Just retired, new home, new baby – many things can trigger people to start sewing. Here are six things to get you off to a good start.
Learn the basics
It can be overwhelming to look at a finished project and try to figure out where to start. Sometimes instructions seem like they are written in a foreign language.
Taking the time to learn the basics will make your projects more successful. That will make the process more enjoyable and you more likely to continue.
Basics skills are a bit different depending on what your sewing goals are: Do you want to make clothing? Home dec items? Quilts? Dolls and toys?
If you have never sewn anything, decide which category you want to start with. Home dec items (like placemats or pillows) are usually simple and useful, so I recommend starting there.
The best way to learn is to take a class (in person is best) where you can get feedback and help from a teacher. Chances are, if you know someone who sews, they would be happy to help you.
Use good quality tools
You don’t need to rush out and spend thousands of dollars on sewing tools, but do consider them an investment.
It is better to have a few good quality tools than lots of useless trinkets.
The number one thing to invest in is fabric scissors. Nothing is more frustrating than trying to cut fabric and it’s not cutting properly. That will turn you off of sewing before you start. If you see scissors at the dollar store, don’t expect them to last twenty years.
Ask for specific things for your birthday or Christmas and keep your eye out at second hand stores or estate sales.
Use good materials
This is along the same lines as good quality tools. Poor quality fabric and thread is difficult to work with and will just make you frustrated.
Cheap thread is tempting, but it can actually cause damage to your machine. Stick to a name brand and ask people who sew for their recommendations.
To save money on fabric, look for fabric that you already have. Before you get rid of old clothes, look at it with fresh eyes and see if you could do something with it.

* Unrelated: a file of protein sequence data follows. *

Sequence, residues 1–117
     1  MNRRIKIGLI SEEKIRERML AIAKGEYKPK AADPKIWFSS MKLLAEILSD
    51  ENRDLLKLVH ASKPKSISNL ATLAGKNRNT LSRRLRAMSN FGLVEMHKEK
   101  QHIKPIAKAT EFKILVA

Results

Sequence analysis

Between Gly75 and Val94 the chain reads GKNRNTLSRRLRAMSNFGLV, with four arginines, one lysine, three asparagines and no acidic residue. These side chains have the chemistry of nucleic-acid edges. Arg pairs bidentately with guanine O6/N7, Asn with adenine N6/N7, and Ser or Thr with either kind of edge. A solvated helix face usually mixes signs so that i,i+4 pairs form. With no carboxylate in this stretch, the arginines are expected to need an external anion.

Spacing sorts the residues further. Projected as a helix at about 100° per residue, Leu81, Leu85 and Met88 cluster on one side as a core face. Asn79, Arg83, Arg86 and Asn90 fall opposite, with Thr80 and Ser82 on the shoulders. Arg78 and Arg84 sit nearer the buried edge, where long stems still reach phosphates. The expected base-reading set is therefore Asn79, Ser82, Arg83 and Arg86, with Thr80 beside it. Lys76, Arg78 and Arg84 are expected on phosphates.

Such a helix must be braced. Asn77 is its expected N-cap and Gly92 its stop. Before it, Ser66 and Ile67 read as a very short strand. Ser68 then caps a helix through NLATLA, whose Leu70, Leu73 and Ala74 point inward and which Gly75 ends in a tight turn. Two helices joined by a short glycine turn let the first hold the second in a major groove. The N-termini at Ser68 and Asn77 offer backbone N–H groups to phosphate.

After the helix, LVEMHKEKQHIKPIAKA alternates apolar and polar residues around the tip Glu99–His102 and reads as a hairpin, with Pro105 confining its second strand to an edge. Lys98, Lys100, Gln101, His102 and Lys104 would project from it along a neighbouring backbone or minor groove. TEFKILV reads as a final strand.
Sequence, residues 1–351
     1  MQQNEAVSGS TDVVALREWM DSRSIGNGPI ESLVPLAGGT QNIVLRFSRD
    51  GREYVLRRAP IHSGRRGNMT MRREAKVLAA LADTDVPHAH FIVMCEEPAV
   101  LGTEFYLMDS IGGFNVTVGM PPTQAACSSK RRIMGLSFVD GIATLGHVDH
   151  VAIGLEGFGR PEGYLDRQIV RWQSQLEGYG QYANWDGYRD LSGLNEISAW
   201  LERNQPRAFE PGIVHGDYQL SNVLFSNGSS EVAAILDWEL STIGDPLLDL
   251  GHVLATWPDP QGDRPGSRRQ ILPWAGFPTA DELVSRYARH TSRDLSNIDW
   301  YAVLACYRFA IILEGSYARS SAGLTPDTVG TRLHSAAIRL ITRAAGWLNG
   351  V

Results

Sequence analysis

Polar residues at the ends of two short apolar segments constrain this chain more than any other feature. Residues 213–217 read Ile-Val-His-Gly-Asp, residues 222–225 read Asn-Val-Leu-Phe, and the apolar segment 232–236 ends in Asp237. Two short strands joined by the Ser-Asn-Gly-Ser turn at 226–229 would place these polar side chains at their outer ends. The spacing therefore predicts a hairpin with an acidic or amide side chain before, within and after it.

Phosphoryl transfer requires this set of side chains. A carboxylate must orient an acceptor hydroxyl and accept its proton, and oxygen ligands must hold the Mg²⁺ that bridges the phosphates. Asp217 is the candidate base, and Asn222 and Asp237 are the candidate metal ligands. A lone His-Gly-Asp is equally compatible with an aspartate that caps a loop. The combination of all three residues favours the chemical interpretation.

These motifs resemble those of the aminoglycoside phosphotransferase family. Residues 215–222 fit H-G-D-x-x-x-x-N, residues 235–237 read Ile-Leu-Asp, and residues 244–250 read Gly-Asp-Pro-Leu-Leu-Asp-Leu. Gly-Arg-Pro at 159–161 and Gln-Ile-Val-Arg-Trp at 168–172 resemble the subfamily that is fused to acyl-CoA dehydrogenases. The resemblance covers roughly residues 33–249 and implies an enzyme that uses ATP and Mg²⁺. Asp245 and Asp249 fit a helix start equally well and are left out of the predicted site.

A skirt could become a pillow. A t-shirt could become a baby dress. Even if you don’t make an item, this is a great way to get fabric for practicing new skills.
Pick simple projects
The reason you want to sew is so that you can see a finished item that you have made. There is great satisfaction in making something with your own hands.
If you attempt something too difficult to start with, you are likely to give up and stuff it in a closet where it will sit for ten years.
Home dec projects are great, but you don’t have to be limited to that.
Want to make clothes? A skirt is easier than pants or a jacket.
Want to make quilts? A fence rail or nine patch is easier than a lone star.
Look for patterns marked “beginner” or “quick & easy”. Build up to more complicated projects and you will have more success.
The Magic Market Bag is a great beginner project.
It is quick and easy to do and gives you something useful.
Learn from mistakes
Nothing will go perfectly all the time. Eventually you will cut something out backwards or stitch on the wrong side. That’s part of learning.
Every sewist has a seam ripper. Many people even give them nick names.
Don’t give up. Learn to laugh at yourself and move on.
Enjoy the process
Sewing is a relaxing and enjoyable hobby.
Take your time. It’s not a race. Follow steps one by one.
Fit sewing to your personality. Use the time to think or socialize or enjoy other entertainment. It’s up to you how you sew. It should be enjoyable.
designer, teacher, speaker
Elizabeth enjoys doing all types of sewing and needlework and teaching others new techniques. For more information or to have her speak to your group click HERE.